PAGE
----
Caught Live: Dinosaur Jr, East Village Arts Club Liverpool, 27 October 2016

Beards, beanie hats and flannel. Lots of that was in evidence at the East Village Arts Club on Thursday as alt-rockers Dinosaur Jr rolled into town as part of Liverpool Music Week, a music festival held over several venues in the city. The downstairs hall was very well-attended for the return of these 90s grunge survivors, and I got in to find openers Sheer Attack already on stage. Despite the name they have no connection with Queen, and are in fact a four-piece hailing from the Merseyside area. Their vocalist was a strange character, making oddball gesticulations during each number, and even jumping out onto the floor for a mostabout, joined by one or two from the pit. They were loud (boy were they LOUD!), energetic and enthusiastic, and had some nifty guitar runs in their material, but it didn’t really float my boat. I mean, I was around for the Thrash era and while these lads certainly gave it plenty, they didn’t do it with quite the same style as say, a Slayer of 30 years ago!


Dinosaur Jr’s J. Mascis

I had noticed not one, not two, but THREE Marshall stacks over one side of the stage set up for the main act, and with the venue holding (by my estimation) around 800, I wondered whether at least two of those stacks were for show. I soon found out that wasn’t the case when guitarist/vocalist J Mascis, bassist Lou Barlow and drummer Murph hit the stage. It was absolutely ear-splitting! There was enough volume for the Echo Arena, let alone this intimate hall and to me at least, this was way over the top. I’ve been to over-loud gigs before (I can remember having my ears shredded by the aforementioned Slayer back in the 1980s) but this was up there with the worst of them. Mascis’s amp stack was rivalled by Barlow’s rig, another Marshall stack accompanied by an Orange, both towering over the bass player. I had hoped to enjoy this show, in particular J Mascis’s lead playing (he’s renowned as one of the finest lead guitarists of the grunge era) but, the volume was so overpowering it demolished any hope I had of enjoying this gig. I couldn’t make one word¬†out of the frontman’s vocals all night, and on the occasions when Lou Barlow took a lead vocal, it was totally drowned out by his own and Mascis’s guitar sounds. For one number, they brought out the guitar and drum techs to play alongside the trio (‘we’re doing something unique and playing this next one as a five-piece’ – Barlow) but this seemed pointless as the three main players produced such noise that extra instrumentation was hardly required.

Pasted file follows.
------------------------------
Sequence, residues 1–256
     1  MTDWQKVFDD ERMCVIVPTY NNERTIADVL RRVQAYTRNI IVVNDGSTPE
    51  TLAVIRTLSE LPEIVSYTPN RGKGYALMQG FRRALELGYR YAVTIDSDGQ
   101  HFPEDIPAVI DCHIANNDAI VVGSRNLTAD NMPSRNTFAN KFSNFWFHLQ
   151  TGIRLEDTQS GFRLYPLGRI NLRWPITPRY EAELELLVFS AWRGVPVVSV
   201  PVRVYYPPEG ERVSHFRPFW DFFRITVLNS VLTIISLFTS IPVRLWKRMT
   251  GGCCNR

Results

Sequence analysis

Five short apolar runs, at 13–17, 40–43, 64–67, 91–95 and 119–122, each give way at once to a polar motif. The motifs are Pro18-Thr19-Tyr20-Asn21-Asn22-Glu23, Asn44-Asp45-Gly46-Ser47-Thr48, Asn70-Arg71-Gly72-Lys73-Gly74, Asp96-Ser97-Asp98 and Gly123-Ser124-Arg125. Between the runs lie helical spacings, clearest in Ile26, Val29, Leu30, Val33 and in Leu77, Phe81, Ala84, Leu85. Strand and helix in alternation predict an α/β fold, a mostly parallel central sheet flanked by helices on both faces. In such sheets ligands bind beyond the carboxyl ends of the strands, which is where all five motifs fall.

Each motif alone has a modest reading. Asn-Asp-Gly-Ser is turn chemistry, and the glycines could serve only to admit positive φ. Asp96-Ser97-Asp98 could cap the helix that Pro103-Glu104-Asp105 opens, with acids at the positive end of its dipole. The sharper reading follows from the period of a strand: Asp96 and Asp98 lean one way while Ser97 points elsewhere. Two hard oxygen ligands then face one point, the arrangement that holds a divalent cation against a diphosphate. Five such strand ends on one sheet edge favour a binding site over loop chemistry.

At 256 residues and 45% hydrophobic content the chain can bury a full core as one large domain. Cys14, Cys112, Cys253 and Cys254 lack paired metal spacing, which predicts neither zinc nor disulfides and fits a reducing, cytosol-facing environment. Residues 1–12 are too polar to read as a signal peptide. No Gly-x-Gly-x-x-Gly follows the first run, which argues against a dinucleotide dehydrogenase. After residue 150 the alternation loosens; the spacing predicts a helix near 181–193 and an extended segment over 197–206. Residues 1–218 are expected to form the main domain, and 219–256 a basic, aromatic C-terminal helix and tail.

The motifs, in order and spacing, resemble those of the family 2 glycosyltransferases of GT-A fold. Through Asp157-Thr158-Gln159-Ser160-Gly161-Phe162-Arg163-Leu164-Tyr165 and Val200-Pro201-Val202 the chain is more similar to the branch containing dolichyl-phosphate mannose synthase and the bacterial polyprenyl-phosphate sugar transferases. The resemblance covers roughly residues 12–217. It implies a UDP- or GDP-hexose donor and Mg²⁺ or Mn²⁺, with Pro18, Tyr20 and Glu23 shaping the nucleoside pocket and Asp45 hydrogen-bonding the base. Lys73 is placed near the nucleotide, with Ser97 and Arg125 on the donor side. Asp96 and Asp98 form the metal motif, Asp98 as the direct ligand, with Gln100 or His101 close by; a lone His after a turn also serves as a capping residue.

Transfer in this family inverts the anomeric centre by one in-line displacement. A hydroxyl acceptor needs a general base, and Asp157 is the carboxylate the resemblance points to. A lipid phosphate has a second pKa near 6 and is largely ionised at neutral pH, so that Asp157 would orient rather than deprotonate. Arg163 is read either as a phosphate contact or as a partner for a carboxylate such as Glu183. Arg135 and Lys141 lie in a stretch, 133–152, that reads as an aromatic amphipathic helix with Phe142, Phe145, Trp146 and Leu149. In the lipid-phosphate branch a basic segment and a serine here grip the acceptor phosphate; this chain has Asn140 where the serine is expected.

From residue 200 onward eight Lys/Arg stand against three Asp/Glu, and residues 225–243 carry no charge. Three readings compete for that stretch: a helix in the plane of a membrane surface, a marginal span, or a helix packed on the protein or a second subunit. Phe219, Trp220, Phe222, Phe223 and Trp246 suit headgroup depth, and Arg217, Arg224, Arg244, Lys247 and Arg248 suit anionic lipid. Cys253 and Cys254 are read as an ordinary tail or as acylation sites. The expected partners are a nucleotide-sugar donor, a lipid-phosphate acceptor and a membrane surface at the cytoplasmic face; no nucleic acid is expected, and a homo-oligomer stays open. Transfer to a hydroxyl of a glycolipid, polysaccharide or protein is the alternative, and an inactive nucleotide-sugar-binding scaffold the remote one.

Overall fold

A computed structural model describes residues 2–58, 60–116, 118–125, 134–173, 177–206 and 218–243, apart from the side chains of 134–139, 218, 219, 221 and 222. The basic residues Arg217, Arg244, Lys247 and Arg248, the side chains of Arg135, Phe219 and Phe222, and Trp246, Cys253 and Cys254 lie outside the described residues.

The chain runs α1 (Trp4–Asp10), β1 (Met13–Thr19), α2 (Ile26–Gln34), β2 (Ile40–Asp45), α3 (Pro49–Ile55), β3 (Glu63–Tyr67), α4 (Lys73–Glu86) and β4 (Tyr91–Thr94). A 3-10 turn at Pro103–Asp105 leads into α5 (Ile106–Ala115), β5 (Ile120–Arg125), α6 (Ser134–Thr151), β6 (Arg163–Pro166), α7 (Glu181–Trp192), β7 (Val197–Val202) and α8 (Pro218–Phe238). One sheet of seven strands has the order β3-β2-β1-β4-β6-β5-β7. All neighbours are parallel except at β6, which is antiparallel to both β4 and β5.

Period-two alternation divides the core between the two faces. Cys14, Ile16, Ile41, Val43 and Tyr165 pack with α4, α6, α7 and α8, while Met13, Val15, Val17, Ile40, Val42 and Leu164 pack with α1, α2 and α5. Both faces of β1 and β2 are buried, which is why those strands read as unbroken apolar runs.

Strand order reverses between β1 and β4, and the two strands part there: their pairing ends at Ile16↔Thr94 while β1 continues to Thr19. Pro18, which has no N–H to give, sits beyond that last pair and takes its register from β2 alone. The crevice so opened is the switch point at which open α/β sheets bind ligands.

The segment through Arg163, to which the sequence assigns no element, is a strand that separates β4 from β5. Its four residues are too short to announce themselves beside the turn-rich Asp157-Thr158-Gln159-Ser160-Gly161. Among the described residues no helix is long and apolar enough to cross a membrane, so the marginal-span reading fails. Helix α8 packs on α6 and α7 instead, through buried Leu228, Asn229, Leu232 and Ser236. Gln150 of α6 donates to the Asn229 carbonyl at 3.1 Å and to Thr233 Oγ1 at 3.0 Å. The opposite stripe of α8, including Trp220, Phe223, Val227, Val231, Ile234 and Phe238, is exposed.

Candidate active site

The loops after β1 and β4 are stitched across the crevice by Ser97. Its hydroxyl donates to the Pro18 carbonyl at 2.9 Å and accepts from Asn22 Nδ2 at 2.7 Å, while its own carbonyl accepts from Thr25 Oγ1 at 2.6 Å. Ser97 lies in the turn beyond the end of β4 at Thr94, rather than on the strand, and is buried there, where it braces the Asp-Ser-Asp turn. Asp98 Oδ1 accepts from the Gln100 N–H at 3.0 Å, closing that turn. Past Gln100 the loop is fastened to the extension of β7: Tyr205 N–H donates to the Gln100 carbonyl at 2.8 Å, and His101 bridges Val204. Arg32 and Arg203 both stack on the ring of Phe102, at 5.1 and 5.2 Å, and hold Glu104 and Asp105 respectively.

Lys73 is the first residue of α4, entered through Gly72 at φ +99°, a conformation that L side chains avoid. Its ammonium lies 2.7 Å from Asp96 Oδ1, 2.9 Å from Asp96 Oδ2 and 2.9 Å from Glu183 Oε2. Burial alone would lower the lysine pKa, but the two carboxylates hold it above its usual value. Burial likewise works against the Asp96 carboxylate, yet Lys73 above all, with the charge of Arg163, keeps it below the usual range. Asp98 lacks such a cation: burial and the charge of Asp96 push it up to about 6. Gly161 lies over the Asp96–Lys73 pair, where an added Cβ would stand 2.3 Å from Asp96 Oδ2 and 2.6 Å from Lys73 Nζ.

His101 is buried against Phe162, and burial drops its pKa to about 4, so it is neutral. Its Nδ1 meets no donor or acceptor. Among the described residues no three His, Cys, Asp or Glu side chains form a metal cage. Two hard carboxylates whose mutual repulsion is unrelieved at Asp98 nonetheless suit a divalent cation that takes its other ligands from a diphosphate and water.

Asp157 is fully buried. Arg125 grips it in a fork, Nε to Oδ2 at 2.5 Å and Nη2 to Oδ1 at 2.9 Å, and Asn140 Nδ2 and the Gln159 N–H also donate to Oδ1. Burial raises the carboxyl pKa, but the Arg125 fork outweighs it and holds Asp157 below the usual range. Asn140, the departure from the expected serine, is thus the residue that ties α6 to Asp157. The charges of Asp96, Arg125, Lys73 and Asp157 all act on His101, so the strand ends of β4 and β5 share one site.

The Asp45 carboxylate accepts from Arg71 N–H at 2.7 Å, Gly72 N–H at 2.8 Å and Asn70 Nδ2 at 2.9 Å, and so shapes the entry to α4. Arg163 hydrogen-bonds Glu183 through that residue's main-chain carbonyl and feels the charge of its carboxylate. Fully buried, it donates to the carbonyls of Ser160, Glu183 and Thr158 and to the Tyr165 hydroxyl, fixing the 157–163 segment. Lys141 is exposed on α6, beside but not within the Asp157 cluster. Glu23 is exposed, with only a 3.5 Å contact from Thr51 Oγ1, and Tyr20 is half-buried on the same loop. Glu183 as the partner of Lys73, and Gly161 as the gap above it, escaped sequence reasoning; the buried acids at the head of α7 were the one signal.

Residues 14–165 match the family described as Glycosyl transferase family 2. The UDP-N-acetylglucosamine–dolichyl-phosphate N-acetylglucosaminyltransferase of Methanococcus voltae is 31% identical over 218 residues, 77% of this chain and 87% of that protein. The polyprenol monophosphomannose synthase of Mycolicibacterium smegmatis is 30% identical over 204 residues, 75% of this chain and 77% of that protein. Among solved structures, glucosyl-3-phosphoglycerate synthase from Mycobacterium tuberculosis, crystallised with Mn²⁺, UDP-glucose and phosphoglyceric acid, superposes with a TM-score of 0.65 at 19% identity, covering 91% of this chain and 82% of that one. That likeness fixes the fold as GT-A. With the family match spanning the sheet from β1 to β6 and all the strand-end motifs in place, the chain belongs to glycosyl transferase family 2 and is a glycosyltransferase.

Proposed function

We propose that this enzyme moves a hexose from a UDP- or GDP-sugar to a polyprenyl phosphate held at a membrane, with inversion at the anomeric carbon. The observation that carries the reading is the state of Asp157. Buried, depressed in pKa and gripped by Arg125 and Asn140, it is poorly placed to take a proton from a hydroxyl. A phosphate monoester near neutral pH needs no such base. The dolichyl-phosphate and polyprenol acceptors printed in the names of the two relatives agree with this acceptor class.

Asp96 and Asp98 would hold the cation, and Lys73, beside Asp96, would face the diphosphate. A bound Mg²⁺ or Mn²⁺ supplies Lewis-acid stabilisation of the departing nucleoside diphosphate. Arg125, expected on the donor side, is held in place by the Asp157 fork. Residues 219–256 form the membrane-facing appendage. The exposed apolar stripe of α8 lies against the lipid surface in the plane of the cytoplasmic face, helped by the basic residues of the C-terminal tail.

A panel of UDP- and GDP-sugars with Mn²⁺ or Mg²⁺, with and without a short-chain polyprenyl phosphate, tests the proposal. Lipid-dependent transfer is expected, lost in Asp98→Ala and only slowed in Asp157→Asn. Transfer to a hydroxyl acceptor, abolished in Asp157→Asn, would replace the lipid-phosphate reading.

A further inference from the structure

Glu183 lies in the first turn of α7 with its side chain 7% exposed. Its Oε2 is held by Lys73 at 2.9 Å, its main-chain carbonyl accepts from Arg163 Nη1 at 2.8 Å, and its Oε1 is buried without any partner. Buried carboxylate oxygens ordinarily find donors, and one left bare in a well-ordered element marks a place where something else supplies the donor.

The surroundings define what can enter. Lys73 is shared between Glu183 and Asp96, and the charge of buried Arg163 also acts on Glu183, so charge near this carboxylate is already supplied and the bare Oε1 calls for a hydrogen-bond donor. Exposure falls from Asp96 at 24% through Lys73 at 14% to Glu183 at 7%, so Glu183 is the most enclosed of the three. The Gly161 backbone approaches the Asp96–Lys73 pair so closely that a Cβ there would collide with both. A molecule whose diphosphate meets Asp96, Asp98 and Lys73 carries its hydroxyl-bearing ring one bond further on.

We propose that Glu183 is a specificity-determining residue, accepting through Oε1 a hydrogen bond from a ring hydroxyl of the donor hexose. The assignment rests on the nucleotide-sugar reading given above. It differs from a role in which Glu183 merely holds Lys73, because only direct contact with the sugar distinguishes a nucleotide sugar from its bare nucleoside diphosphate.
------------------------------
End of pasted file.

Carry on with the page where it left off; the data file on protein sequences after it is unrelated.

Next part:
The only time I could make out the frontman was between songs, when he announced they’d play some ‘new material’. However, these were few and far between, as he is Lanegan-esque in his connection with the audience (hardly at all!) It was the bass player who was the more upfront, headbanging away and throwing himself about the stage while Mascis contented himself with standing and playing. He does have some nice touches on the guitar when he does play cleanly, however even then, the distortion from the bass side overwhelmed the guitar.

Bassist Lou Barlow

Bassist Lou Barlow

I’d like to be able to list a few songs but they were indistinguishable from each other, and that was entirely down to the inappropriate use of a rig better suited to a festival than a club gig. There were cheers of recognition from the crowd at some (presumably) older numbers, but all of it was delivered at such devastating volume that they might just as well have set up a couple of road drills and had done with it.

In conclusion, this was disappointing. I’m all for loud music but when it sacrifices clarity to the point of being a mush, it is a difficult one to get enthusiastic about. I’m not having that it’s the ‘style’, or the way it has to be for this genre; guitar chords are the same whatever your clothes or hairstyle. I’ve seen some other artists play with both power AND control in recent weeks, this was completely out of control. There’s a clip of this band performing on BBC’s ‘Later With Jools Holland’ available on YouTube which frankly, gives a far better idea of what this band sound like live than anything I experienced at this gig. Cut it back fellas, let’s hear what you sound like rather than trying to impersonate a passenger jet taking off!


Drummer Murph

2- Disappointing

2 – Disappointing